Virginia mallow is a plant from the central and eastern states of North America. A large amount of high quality biomass obtained from V. mallow led to interest in this plant for bioenergy purposes. Unfortunately, high incidence of white rot disease caused by Sclerotinia sclerotiorum destroyed plantations of this plant. In previous attempts, various control strategies were not successful and all treatments failed (including the use of Coniothurium minitans). The aim of the study was to find and evaluate yeast-like fungi for biocontrol of S. sclerotiorum, evaluate the optimal thermal condition for biocontrol efficacy, and describe possible modes of action of potential biocontrol organisms. In dual bioassay test with 19 strains of yeast-like fungi with S. sclerotiorum, antagonistic potential were obtained. At different temperatures variations in antagonistic activity of yeast-like fungi were observed. At all tested temperatures (i.e., 4, 12, and 23°C), positive results were obtained. Extracellular enzymes were produced by the majority of antagonistic yeast, such as: amylases (the most frequent), chitinases, proteases, pectinases and xylanases. In this research, reduction in white rot symptoms on V. mallow stems was significant (P < 0.05). The highest inhibition of disease was observed after treatment with strains (114/64) Candida albidus and (117/10) Pichia anomala.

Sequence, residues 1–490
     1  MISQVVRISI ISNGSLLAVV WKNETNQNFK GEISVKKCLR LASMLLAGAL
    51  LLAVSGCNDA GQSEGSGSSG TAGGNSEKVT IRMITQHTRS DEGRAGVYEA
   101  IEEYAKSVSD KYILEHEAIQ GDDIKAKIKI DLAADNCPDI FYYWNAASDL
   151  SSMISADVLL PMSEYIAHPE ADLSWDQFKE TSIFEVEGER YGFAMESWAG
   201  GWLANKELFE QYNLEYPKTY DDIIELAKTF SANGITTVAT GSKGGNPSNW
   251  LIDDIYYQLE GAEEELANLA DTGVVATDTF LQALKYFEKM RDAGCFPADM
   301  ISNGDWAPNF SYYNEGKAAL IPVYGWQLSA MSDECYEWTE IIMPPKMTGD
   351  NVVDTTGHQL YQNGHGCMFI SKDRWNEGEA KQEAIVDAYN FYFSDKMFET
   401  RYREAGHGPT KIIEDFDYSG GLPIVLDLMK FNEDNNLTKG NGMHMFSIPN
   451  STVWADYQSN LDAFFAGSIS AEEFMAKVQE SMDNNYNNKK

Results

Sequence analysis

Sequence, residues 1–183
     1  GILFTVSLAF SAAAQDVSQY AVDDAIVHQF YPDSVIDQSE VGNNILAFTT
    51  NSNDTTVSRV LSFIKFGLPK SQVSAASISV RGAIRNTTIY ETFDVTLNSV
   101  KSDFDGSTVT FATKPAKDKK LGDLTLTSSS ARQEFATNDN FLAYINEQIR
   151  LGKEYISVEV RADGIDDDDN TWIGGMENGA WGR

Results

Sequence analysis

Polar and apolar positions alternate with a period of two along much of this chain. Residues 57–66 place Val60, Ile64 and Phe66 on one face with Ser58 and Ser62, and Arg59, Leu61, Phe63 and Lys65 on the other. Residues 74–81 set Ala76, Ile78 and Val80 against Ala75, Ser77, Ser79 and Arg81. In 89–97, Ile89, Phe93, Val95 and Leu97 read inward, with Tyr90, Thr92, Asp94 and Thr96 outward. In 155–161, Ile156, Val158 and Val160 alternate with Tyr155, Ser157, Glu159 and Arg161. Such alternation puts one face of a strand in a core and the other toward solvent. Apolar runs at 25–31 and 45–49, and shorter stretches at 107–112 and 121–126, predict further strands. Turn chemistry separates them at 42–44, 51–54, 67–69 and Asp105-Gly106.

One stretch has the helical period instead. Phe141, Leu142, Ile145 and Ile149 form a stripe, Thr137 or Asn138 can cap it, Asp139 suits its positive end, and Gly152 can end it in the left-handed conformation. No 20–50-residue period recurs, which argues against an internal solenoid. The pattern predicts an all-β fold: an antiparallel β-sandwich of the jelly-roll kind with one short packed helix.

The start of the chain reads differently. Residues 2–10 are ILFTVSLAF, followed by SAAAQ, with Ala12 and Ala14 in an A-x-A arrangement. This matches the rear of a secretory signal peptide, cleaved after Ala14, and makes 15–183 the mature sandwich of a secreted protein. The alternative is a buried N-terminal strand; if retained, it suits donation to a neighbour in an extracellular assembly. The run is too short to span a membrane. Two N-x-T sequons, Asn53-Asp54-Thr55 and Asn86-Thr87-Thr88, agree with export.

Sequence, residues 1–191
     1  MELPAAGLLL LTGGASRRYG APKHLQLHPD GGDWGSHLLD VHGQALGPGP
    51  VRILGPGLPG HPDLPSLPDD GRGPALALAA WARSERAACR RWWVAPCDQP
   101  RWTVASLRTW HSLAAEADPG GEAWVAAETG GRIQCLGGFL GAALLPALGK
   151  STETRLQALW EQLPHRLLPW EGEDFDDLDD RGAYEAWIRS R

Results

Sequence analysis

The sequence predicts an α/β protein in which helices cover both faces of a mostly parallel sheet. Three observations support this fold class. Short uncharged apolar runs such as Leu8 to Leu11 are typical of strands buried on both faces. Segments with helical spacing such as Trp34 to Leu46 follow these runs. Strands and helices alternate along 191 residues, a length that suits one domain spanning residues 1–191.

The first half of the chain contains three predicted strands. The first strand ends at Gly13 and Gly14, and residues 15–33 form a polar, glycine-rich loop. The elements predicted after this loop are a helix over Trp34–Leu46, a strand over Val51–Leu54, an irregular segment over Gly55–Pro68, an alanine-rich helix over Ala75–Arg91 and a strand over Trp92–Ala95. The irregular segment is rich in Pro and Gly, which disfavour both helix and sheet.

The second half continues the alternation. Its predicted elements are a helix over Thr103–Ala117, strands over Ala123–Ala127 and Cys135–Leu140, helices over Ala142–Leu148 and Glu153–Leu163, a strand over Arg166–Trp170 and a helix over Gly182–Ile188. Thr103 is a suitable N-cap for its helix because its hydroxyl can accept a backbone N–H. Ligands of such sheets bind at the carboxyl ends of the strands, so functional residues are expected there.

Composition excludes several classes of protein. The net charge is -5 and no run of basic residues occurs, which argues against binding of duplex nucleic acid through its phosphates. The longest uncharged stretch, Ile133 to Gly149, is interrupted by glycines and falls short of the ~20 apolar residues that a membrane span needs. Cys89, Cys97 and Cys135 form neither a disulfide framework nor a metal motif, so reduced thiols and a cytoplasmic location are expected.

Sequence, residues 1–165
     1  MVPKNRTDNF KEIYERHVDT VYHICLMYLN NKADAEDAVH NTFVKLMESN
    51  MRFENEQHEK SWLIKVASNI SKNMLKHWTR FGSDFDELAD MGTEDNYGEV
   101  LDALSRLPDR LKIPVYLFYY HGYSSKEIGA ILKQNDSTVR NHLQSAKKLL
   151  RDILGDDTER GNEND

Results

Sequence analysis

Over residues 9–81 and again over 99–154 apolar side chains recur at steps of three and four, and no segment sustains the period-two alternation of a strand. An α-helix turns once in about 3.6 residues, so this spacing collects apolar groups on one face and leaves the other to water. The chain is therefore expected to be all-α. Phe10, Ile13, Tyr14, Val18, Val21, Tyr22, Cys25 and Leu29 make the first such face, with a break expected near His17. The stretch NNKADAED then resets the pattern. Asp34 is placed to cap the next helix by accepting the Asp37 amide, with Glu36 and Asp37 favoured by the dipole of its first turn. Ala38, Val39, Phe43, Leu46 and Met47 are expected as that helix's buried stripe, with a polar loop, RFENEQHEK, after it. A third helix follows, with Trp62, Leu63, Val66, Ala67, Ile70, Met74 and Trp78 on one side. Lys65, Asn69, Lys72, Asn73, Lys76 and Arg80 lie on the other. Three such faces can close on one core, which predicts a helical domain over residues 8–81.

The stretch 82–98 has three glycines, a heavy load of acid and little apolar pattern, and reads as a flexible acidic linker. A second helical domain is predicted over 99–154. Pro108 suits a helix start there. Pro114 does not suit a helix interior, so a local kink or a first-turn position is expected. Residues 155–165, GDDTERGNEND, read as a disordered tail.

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Vol. 96 • No. 2